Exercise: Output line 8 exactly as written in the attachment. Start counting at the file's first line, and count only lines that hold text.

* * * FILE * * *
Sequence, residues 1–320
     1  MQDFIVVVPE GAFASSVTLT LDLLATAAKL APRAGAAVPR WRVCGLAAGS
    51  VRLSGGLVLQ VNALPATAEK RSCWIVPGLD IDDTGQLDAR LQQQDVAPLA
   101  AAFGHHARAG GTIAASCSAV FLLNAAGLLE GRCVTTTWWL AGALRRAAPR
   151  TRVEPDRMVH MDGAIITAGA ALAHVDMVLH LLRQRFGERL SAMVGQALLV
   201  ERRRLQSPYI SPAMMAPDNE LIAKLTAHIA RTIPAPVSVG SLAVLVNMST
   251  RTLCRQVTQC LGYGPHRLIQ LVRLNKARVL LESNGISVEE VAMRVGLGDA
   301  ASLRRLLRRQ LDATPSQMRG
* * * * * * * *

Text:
   301  ASLRRLLRRQ LDATPSQMRG